I’ve tried to write something each day since the horrendous truck attack in Nice, but my words seemed so inadequate I couldn’t bring myself to post them.
Today marks a week since a deranged psychopath purposely drove a truck into the Bastille Day crowds, intentionally killing as many innocent people as possible.
In the space of a week, the Promenade des Anglais has gone from one of the most beautiful spots in the world, to a horrific body-strewn massacre, to a sequestered crime scene, to a spontaneous memorial with shocked and silent mourners covering each and every blood stain with flowers, candles, notes, photos, and stuffed animals. Half the Prom remained closed most of the week as these early piles of flowers grew into mountains…
Every day I walked the trace of the carnage, passing so, so many piles of flowers… and every day, the final stack sent cold shivers: a circle of people silently staring at a pile of dirt and rocks in the middle of the road, the spot where the killer was finally shot dead. People spit on it as they passed, or violently flung another handful of dirt. Many of the stones contained anguished messages like “Assassin!” “Burn in Hell!” and “Why, why, why??”
A ceremony was held on the Prom which attracted 40,000 mourners, all still in shock but with some lashing out, searching for someone, anyone, to blame for this unimaginably senseless act.
That night, knowing that the Prom had to eventually reopen, hundreds of people gathered in the moonlight to create a mile-long human chain, passing all the flowers, notes and toys, one-by-one, from the spot where each victim was felled, to a memorial at the gazebo, and when that was full, they lined the seaside.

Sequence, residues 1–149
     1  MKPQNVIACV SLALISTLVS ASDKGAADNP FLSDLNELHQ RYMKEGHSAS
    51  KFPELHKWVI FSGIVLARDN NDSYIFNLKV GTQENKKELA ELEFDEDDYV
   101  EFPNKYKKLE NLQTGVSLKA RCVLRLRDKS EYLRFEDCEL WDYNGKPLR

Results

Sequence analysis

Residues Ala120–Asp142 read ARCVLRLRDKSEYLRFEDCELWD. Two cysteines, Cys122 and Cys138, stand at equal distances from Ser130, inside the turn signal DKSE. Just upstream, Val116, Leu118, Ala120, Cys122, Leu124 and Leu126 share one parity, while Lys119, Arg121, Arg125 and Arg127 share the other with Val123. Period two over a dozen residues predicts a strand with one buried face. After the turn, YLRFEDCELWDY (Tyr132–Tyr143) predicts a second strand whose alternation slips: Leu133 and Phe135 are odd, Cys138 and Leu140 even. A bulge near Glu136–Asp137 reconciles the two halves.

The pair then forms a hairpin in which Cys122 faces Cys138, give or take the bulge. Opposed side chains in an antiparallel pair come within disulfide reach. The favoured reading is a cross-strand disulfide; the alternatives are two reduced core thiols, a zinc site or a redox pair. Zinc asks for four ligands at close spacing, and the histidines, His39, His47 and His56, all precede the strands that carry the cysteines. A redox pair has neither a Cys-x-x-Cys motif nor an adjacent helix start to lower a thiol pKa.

One week later, the Promenade des Anglais is open, and if you lived in a cave and had no knowledge of what transpired, you would not know that anything was out of whack until passing the stretch that is lined with flowers. The Old Town is less crowed than a normal high-season, but in a testament to the resilience of the human spirit, plus an unwillingness to be cowed by fear, it is absolutely full of life. The beaches are full of sunbathers, the beach volleyball court is active day and night, the street musicians are out in force, the restaurants and full, and there was even an open air salsa dance in the Place Palais de Justice last night.
The funerals are just starting and the full list of victims has only just now been released. A third of the victims were Muslim, including the first woman that the killer veered onto the sidewalk to hit, a mother of 7 who was wearing a traditional headscarf. This is not about religion, or politics, just immense sadness.
Photos by Best of Nice